The object marker

Mazandarani uses the morpheme /(r)ə/ to mark specific objects. It is also used in many positions where an indirect object with a preposition would be used in Persian instead:

mə                 rə      mærbut    niæ.
1SG.OBL      rə      related      is.not
It doesn’t concern me.

In Persian, the equivalent sentence would be made using a preposition: /be mæn mærbut nist/. Mazandarani also allows two occurrences of /rə/ in a sentence with double object constructions, unlike Persian.

gu        hə-dɑ-ji                       mə    .
cow   rə  PFV-give.PST-2SG   1SG   rə
You gave the cow to me.



As in many Iranian languages, Mazandarani verbs have distinct past and present stems. The present simple tense is created by simply attaching the appropriate personal ending to the verb’s present stem, as shown in the table below for the verb “to have”.


English Mazandarani
I have. dɑr-
You (sg.) have. dɑr-ni
She/He/It has. dɑr-
We have. dɑr-mi
You (pl.) have. dɑr-nəni
They have. dɑr-nənə

The examples above are based on the dialect of Babol. Note that in some dialects of Central Mazandaran including the city of Amol, the final “r” in the verb stem changes to the glide /j/ when the personal ending starts with /n/ (e.g. “dɑjni” instead of “dɑrni” for “you have”).

In the past simple tense, the past stem is used, the personal endings are slightly different, and a verbal prefix is used before the stem.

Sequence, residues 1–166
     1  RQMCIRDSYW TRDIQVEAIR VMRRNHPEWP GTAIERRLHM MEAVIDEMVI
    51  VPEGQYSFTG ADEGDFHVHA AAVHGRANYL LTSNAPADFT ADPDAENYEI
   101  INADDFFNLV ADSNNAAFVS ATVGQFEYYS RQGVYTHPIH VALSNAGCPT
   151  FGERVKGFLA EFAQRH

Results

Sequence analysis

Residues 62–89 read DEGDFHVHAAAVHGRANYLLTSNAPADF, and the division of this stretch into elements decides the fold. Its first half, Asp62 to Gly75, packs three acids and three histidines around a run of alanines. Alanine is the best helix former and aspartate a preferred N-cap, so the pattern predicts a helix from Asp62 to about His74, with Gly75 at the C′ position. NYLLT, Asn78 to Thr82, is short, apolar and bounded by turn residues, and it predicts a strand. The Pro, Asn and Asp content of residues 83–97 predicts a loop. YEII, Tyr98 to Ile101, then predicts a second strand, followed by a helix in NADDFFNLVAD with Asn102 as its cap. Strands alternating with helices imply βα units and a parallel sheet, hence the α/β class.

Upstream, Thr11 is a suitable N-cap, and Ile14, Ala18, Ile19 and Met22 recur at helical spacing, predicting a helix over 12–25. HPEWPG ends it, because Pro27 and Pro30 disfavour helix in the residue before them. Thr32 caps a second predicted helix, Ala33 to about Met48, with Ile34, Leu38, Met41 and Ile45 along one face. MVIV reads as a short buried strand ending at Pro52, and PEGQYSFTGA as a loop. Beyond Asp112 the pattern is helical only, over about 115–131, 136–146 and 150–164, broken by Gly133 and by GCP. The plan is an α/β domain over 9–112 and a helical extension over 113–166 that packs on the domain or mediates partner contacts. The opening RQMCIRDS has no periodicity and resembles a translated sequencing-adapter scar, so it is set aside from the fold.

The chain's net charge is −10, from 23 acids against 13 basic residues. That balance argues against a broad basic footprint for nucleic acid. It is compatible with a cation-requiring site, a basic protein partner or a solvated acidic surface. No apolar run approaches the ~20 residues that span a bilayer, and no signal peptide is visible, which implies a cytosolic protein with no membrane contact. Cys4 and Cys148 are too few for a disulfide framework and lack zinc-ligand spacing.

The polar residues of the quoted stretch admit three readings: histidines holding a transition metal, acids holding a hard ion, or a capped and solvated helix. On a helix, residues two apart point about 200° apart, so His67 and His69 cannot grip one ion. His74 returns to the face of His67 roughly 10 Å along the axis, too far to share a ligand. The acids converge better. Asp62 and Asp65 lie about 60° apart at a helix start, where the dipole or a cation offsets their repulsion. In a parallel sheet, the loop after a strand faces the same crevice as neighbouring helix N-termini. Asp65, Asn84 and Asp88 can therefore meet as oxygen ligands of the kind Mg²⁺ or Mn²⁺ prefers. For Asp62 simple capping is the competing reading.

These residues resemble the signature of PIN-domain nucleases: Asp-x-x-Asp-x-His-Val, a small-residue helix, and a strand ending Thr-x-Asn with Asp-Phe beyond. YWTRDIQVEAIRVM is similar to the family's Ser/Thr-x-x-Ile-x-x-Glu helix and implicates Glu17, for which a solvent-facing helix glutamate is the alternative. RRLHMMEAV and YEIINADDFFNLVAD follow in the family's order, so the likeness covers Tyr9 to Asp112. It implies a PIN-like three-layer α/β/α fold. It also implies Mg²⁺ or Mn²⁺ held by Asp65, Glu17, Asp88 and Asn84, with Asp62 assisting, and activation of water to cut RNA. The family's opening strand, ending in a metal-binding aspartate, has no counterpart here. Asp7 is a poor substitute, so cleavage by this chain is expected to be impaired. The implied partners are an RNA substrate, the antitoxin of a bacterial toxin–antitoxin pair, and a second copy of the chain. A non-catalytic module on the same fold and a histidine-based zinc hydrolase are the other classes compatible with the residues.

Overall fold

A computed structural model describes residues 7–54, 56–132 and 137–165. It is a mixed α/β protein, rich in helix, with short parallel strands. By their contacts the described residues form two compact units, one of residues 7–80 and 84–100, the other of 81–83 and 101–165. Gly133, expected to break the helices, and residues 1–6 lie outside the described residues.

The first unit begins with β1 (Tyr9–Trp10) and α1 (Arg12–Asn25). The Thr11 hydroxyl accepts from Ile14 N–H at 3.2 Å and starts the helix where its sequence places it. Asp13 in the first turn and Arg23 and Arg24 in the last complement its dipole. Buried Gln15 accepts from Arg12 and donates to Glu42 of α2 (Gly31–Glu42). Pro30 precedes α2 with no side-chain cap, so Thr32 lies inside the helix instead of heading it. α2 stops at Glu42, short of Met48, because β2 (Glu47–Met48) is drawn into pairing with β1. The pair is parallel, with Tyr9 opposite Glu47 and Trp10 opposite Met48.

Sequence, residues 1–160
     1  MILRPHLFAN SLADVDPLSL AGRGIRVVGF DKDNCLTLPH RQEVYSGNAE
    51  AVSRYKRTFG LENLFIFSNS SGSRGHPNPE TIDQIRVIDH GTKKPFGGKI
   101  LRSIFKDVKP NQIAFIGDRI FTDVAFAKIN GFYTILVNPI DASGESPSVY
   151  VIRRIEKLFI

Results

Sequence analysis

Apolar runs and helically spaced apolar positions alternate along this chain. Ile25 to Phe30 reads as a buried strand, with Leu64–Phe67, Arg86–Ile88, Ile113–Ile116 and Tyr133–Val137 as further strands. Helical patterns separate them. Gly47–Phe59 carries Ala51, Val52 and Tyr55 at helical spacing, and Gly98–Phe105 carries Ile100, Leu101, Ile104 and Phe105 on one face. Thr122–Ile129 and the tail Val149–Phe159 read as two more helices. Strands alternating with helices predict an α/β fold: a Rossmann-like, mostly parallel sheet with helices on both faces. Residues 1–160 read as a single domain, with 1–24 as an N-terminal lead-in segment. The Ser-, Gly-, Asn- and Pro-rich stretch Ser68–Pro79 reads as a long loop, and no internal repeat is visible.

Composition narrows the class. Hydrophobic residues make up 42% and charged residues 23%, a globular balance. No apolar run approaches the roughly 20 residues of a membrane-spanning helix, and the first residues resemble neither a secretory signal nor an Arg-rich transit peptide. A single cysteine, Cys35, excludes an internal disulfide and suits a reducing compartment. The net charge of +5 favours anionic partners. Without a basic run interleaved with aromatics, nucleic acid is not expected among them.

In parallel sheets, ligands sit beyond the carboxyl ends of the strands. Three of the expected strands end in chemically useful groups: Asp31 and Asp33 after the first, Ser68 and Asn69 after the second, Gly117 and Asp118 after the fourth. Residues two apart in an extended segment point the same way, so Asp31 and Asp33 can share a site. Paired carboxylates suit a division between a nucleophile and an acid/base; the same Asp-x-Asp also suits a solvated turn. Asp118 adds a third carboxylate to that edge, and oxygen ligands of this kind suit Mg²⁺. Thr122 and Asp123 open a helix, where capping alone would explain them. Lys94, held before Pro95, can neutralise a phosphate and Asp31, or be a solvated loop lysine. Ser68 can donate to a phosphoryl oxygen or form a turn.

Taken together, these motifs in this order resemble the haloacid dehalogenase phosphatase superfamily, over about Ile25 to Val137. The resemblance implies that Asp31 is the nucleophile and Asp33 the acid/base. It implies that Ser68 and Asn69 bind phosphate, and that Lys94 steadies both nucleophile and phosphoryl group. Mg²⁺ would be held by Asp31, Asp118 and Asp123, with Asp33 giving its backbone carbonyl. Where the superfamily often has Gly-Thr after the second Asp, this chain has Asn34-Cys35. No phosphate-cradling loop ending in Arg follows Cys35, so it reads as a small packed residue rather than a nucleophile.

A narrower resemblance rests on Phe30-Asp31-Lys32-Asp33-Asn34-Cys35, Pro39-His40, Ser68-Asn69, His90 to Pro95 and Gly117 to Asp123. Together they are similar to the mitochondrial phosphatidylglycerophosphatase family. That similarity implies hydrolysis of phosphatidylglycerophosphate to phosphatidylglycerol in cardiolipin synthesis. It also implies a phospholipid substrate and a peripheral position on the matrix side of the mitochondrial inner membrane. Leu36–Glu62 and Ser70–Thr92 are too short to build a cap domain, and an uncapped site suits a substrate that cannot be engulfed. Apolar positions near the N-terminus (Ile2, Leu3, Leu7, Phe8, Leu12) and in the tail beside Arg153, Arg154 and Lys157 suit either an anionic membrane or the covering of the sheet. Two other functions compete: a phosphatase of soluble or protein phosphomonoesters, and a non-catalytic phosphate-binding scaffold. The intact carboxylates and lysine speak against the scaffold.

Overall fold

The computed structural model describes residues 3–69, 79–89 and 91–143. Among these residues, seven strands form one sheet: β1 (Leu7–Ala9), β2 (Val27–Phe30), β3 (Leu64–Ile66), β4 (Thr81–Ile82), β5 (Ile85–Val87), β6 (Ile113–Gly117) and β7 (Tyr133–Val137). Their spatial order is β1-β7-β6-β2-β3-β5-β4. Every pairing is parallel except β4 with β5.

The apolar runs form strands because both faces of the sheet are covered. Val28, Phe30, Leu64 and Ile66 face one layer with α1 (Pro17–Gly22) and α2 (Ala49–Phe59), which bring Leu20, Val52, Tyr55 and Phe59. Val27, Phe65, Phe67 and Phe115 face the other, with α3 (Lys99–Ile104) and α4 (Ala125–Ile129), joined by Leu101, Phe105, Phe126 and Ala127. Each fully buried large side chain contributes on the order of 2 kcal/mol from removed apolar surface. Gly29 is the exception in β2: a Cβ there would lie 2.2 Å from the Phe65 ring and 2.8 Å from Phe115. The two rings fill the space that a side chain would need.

English Mazandarani
I washed. bæ-ʃurd-əmə
You (sg.) washed. bæ-ʃurd-i
She/He/It washed. bæ-ʃurd-ə
We washed. bæ-ʃurd-əmi
You (pl.) washed. bæ-ʃurd-əni
They washed. bæ-ʃurd-ənə

This verbal prefix is absent in the imperfective past tense (/ʃurdeme/: “I used to wash”). However, the verbal prefix cannot be interpreted as simply a perfective marker. It appears in imperatives and subjunctives too (e.g. /ʃur/ – “wash!” and /ʃurəm/ – “that I wash”), and the infinitive form of the verb (which is made by adding the suffix /æn/ to the 1SG past tense) retains it (e.g. /ʃurdæn/ – “to wash”). It disappears in the presence of the negation prefixes /næ/ and /nə/.

The verbal prefix used for the verb “to wash” (/bæ/) is the most common verbal prefix, but many verbs have other verbal prefixes. Examples of the other common verbal prefixes are shown below:

/hɑ/:   (/hæ/ in many dialects)
/kərdæn/       “to do”

/niʃtæn/       “to sit down”

/vəssæn/       “to close”

/dəmɑssæn/:      “to stick”

The verbal prefixes /hə/ and /də/ are probably phonologically reduced forms of /hɑ/ and /dæ/ respectively. All of these verbal prefixes are very uncommon compared to /bæ/ and its reduced form /bə/, suggesting that /bæ/ is the default verbal prefix and the rest are the marked forms, possibly carrying semantic information at least in earlier forms of the language. This is further supported by the fact that in Mazandarani’s sister language, Gilaki, the verbal prefix /bə/ is in complementary distribution with the other less common verbal prefixes in some tenses (e.g. past simple), but even though it disappears in negated forms, the other verbal prefixes co-occur with the negation morpheme (see Rastorgueva, 2012).


Borjian, H. (2009). Tabari Texts (Mutun-i Ṭabari). Tehran: Ayene-ye Miras. (In Persian)

Rastorgueva, V. S., Kerimova, A. A., Mamedzade, A. K., Pireiko, L. A., Edel’man, D. I., & Lockwood, R. M. (2012). The Gilaki Language. Acta Universitatis Upsaliensis.Rastorgueva, V. S., Kerimova, A. A., Mamedzade, A. K., Pireiko, L. A., Edel’man, D. I., & Lockwood, R. M. (2012). The Gilaki Language. Acta Universitatis Upsaliensis.Chicago